A fast-track court in Bangladesh sentenced two former students to death on Thursday for the 2013 murder of a blogger who criticized religious militancy, a killing which sparked international attention.
Rajib Haider, an architect and blogger, was hacked to death near his house in the capital, Dhaka, in February 2013, having led a popular movement demanding the death penalty for Islamist leaders accused of atrocities in Bangladesh's 1971 war of independence.
This year, a publisher and four more bloggers, including atheist American blogger Avijit Roy, have also been killed in Bangladesh amidst a rise in Islamist violence. Liberal activists, members of minority Muslim sects and other religious groups have also been targeted.
Following the first prosecution for any blogger killings, the court sentenced two former university students charged with Haider's murder to death, said state prosecutor Mahbubur Rahman, one of whose whereabouts were not known.
Related: Trapped Between Murder and Repression: Life as an Atheist Blogger in Bangladesh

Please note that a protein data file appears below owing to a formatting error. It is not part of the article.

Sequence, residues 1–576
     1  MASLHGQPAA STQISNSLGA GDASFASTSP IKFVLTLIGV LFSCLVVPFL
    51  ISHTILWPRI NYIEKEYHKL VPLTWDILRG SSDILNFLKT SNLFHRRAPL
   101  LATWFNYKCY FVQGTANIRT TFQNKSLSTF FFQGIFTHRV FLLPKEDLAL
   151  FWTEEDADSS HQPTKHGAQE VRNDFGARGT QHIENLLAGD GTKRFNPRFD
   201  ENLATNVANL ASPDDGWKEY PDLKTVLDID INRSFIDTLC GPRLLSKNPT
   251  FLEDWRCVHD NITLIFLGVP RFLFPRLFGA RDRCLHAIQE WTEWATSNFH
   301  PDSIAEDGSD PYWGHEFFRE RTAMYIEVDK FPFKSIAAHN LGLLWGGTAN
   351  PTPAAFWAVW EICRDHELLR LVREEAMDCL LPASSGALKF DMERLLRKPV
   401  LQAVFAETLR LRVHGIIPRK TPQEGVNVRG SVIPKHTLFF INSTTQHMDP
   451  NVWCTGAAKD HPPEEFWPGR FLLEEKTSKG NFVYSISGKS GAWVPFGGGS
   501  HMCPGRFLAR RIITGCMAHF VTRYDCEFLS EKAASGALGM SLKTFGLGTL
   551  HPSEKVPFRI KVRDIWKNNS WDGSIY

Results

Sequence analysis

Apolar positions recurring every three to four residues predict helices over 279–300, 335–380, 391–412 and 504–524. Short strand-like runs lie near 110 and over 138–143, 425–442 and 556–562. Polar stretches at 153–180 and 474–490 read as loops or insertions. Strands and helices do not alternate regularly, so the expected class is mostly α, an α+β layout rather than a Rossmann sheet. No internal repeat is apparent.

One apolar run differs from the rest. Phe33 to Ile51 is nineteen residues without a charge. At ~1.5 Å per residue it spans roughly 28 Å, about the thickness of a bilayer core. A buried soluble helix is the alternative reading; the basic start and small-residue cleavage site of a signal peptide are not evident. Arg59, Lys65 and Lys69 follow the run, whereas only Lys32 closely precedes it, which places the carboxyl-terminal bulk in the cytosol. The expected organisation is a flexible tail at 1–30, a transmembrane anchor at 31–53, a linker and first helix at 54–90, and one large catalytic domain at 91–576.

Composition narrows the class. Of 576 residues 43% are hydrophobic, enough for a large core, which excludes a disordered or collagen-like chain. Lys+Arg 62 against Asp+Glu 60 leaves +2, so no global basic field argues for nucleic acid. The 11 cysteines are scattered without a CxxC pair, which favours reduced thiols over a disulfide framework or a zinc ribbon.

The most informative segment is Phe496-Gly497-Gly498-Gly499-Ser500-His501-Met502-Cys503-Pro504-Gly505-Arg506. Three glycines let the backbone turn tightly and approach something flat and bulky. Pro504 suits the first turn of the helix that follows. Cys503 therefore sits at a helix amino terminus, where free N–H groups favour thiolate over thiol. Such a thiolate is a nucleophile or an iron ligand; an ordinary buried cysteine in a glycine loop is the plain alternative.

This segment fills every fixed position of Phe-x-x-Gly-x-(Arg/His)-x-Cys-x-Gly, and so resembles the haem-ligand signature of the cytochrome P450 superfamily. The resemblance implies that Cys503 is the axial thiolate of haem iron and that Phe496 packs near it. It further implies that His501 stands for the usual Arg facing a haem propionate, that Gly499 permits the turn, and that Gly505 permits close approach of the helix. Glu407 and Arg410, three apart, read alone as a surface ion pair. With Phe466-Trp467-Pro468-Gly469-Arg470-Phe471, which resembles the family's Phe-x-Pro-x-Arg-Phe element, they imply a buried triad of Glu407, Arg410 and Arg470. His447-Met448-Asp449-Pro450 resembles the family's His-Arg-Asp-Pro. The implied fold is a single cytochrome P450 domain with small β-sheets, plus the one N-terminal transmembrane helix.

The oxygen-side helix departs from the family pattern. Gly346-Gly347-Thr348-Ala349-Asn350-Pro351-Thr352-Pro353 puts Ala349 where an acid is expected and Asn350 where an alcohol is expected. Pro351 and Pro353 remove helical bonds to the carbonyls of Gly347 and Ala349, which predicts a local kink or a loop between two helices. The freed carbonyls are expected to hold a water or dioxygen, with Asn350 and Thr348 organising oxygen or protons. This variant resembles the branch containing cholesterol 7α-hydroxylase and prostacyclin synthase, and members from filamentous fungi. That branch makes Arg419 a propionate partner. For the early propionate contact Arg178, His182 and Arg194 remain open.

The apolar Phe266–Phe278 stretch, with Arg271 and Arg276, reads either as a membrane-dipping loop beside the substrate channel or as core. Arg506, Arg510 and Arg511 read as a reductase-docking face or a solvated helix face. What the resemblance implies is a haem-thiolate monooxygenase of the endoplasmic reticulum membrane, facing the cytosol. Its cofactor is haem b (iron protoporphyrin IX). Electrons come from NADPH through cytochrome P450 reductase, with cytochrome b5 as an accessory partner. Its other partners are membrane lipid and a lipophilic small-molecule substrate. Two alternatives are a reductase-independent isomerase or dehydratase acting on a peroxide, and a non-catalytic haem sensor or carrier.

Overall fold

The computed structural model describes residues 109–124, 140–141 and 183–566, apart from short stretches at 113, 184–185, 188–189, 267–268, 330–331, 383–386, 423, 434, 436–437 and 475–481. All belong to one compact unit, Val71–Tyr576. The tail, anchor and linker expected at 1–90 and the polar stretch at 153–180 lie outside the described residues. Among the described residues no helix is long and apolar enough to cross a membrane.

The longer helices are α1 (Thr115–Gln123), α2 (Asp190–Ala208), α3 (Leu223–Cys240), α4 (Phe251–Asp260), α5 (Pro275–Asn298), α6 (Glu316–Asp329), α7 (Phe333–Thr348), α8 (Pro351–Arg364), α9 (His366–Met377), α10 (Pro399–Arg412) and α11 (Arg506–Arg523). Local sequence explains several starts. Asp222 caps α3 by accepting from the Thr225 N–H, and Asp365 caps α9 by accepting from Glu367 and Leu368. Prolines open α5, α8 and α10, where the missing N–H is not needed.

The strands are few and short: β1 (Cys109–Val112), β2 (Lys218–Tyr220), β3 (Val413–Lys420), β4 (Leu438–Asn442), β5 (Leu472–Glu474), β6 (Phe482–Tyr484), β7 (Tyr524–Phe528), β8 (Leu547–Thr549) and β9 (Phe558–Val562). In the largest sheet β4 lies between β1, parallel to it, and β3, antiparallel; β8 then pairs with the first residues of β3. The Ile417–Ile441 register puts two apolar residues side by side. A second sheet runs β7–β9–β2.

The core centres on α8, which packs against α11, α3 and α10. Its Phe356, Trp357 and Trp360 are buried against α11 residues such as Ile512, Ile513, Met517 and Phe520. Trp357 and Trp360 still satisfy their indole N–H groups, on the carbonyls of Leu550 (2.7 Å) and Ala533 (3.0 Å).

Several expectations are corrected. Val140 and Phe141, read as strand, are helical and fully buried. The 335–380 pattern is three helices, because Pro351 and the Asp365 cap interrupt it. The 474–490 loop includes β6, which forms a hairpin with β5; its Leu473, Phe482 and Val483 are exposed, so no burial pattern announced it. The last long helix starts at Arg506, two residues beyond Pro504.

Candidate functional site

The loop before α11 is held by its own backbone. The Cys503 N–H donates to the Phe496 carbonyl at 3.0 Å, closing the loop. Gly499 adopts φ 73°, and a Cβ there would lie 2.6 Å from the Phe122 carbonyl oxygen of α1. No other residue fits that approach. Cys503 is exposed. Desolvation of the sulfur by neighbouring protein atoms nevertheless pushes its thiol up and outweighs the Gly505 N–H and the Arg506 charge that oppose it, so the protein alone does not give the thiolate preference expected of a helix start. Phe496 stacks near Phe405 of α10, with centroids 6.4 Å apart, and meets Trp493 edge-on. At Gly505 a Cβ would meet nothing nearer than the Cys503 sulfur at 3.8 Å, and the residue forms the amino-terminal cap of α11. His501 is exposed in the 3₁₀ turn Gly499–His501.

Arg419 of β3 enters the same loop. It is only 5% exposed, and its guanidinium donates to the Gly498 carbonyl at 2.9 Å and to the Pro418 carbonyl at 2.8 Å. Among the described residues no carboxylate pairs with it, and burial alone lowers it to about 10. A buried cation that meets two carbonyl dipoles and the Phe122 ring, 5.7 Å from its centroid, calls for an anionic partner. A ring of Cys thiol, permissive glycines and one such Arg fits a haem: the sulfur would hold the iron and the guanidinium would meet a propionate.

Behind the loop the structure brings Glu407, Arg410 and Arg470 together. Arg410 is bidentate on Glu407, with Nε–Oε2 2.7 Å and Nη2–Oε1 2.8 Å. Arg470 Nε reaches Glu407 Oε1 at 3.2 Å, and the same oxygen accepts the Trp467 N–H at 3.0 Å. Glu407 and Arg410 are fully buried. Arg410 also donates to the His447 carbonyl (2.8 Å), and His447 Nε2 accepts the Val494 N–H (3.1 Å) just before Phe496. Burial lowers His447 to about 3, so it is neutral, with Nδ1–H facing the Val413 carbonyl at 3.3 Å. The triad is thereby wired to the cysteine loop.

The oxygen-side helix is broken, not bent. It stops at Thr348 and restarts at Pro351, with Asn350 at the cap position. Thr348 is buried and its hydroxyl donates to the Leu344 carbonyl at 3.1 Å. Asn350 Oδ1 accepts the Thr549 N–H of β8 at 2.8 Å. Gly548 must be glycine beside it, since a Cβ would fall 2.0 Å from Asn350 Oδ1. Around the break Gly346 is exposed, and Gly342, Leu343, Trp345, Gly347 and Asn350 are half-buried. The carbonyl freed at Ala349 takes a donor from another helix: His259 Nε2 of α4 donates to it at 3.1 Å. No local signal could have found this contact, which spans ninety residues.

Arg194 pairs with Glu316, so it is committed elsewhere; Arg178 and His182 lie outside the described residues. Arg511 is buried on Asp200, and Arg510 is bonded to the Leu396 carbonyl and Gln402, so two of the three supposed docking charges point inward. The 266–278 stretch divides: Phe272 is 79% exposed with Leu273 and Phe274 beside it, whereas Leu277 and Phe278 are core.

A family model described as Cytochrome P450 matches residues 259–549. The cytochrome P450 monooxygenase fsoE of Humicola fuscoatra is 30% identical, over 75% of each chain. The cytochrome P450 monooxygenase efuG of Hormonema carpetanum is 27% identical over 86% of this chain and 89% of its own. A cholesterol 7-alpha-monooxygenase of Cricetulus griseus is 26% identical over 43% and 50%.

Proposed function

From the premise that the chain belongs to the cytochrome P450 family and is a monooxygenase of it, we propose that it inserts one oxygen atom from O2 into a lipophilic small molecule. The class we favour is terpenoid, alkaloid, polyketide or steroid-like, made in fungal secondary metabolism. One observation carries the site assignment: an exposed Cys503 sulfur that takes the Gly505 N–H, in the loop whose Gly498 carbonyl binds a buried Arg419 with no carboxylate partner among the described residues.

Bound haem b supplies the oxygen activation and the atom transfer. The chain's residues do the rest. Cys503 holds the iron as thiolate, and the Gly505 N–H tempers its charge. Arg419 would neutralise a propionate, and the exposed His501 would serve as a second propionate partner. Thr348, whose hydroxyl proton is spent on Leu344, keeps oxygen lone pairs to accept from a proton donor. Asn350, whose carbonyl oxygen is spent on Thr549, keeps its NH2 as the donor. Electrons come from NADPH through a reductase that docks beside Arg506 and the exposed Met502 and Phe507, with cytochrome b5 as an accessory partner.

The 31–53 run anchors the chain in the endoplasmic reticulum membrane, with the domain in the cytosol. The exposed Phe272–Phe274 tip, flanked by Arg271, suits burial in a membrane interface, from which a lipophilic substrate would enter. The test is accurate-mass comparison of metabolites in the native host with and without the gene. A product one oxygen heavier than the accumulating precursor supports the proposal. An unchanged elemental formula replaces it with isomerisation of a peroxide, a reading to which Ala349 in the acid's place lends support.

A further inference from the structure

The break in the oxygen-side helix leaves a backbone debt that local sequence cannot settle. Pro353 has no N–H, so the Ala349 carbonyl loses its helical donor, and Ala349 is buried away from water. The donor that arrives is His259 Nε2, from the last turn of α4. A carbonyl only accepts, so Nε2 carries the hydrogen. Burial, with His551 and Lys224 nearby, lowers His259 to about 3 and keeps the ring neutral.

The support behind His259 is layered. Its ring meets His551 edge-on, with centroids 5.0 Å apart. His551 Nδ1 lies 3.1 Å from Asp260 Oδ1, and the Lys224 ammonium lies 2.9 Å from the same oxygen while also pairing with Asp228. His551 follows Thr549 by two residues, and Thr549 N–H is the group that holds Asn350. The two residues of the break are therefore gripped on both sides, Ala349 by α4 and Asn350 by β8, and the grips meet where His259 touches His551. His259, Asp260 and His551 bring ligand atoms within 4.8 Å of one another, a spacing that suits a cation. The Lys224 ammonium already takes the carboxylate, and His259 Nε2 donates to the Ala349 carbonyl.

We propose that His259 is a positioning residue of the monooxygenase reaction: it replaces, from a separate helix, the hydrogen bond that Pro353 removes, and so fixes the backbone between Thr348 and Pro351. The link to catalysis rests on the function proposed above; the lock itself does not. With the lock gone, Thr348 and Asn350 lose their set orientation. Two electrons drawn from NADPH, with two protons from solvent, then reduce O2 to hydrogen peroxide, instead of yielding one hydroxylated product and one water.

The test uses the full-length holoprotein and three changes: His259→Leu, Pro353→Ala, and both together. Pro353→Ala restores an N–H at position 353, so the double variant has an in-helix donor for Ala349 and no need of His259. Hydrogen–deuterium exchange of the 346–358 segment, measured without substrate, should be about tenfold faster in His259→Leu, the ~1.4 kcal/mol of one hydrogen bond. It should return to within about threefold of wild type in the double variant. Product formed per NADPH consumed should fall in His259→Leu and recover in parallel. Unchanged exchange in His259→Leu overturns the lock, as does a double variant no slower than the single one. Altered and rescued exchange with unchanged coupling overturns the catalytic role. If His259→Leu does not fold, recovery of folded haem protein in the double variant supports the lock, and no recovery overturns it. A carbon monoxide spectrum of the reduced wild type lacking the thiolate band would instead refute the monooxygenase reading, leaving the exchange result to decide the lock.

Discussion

Six other people were sentenced to jail terms, he said, including Jasim Uddin Rahmani, who police say is the head of the banned militant group Ansarullah Bangla Team, who was sentenced to five years in prison.
Haider's father, Mohammad Nazim Uddin, told the BBC he was unhappy that only two men were given the death sentence.
"I'm not happy with the verdict. I reject this verdict," he said. "Five of them confessed their involvement in the killing. But only two were given death sentence. How is it possible?"
The al Qaeda-inspired Ansarullah Bangla Team has not claimed responsibility for Haider's death, but the group has said it was behind subsequent attacks on the four bloggers and a publisher this year.
Defense prosecutor Faruk Ahmed, who represented the eight men sentenced on Thursday, said his clients would appeal to the Supreme Court.
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